I have the sad feeling that many people in the world have never experienced the joy of discussing a particular idea from Hegel or Nietzsche with their partner and feeling the love that swells up in the heart when your partner says something insightful about philosophy or psychology. That's an intense experience which you can never get from a cat or a dog, or any other non-human animal.

Don't get me wrong: I love animals--I am fond of both dogs and cats--but I don't see them as a replacement for human companionship and community. Great culture is not created by animals; animals do not write literature or philosophy, nor do they have discussions about these subjects. There have been some cases of a specific few animals creating art when trained to do so by humans (elephants painting is a "thing" on the Internet), but these do not approach the level of subtlety and depth which go into a true masterpiece. Animals are wonderful, but they cannot completely replace humans.

I think I understand, however, why so many humans resort to getting their companionship from animals rather than from other humans. The reason is simple: Most humans are terrible. Absolutely, incredibly terrible. Rather than wanting to discuss something intelligent, most people just want to do and say the stupidest things that exist. How many times can a person have a conversation like this because they lose their hope for humanity?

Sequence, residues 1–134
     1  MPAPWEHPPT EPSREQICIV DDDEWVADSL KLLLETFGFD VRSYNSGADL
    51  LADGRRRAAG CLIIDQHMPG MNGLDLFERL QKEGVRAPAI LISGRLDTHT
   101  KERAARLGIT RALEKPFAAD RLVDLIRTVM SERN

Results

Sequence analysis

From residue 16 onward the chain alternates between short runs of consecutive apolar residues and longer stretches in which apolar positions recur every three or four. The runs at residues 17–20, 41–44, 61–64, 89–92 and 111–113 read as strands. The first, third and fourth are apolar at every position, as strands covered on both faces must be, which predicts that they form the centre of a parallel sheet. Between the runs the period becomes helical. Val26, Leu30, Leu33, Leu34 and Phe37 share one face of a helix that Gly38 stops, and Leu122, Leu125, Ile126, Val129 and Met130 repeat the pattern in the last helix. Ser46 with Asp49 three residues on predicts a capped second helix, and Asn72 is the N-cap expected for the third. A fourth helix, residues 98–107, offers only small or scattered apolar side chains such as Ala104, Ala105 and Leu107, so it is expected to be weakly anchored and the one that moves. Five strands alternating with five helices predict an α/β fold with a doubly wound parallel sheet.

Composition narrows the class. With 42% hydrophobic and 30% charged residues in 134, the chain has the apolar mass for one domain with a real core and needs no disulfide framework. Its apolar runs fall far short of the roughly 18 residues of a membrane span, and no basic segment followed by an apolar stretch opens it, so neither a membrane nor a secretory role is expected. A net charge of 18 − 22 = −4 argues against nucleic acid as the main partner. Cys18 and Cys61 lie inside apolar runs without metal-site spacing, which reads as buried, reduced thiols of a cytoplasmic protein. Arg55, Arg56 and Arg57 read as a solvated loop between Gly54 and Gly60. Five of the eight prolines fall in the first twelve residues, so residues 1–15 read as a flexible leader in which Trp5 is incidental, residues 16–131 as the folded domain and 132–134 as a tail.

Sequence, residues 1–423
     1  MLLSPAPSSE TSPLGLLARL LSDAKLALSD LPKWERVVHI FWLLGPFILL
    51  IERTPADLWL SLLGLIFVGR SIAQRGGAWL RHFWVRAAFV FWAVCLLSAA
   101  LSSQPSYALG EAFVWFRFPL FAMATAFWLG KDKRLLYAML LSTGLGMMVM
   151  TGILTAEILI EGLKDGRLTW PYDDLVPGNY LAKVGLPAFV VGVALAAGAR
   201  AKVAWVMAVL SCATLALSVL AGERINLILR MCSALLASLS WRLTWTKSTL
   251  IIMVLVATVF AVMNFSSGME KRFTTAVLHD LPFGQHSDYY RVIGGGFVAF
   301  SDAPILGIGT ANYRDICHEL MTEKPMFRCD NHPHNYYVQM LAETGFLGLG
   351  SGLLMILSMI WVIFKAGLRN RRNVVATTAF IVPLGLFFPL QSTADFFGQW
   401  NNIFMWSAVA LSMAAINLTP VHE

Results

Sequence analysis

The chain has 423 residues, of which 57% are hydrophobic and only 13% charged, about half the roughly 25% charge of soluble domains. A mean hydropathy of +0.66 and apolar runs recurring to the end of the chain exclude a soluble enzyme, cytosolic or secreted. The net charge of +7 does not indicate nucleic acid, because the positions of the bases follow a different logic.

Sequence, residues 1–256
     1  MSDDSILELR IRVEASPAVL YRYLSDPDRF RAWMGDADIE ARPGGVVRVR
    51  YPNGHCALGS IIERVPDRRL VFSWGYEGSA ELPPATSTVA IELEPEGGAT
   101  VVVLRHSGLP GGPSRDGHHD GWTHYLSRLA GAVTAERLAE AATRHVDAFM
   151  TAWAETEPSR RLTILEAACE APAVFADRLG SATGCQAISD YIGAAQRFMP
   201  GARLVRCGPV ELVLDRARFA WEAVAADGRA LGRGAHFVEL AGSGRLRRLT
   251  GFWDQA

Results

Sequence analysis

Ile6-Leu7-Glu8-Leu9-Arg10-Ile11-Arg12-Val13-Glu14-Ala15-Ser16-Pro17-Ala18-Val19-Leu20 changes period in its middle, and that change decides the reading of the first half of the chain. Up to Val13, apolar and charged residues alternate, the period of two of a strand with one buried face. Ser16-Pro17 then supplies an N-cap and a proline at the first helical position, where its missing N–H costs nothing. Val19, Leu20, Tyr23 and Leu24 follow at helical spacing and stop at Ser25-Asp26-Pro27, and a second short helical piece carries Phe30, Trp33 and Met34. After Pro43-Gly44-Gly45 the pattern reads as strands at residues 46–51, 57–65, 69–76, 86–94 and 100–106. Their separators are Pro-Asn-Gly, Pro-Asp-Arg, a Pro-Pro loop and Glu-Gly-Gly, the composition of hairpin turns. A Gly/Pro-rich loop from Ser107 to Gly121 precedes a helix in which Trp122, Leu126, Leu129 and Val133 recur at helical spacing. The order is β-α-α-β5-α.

Person A: Do you think there is value in the search? Is this value cheapened by the unearned reward?
Person B: LOL, I want to listen to music because I like da beatz.
Person A: Do you think that your obsession with music is related to certain social values which you hold? What compels you to listen to music like a crack addict?
Person B: LOL, I want to laugh because I like to laugh.
Person A: I like to laugh as well, but laughter is best as a response to biting wit, not lowbrow buffoonery. Can you tell me your favorite joke?
Person B: LOL, I'm going to smoke drugs because drugs are coooool///
Person A: Unfortunately, I have never been able to derive enjoyment from the debilitation of my physical and mental faculties. Is there any way that you could experience a rush of pleasure without resorting to means that dull your senses?
Person B: LOL, I'm going to stand in the kitchen and think about food, because food is the best, but I'm not hungry enough to eat.
Person A: Food can be both healthful and pleasurable, to be sure, but food ought to only be eaten when your body needs nutrition. Food doesn't just serve as a way to fill yourself up; it exists as a source of critical nutrition for your body's various systems. Why don't you find another way to make use of your time if you're not actually hungry?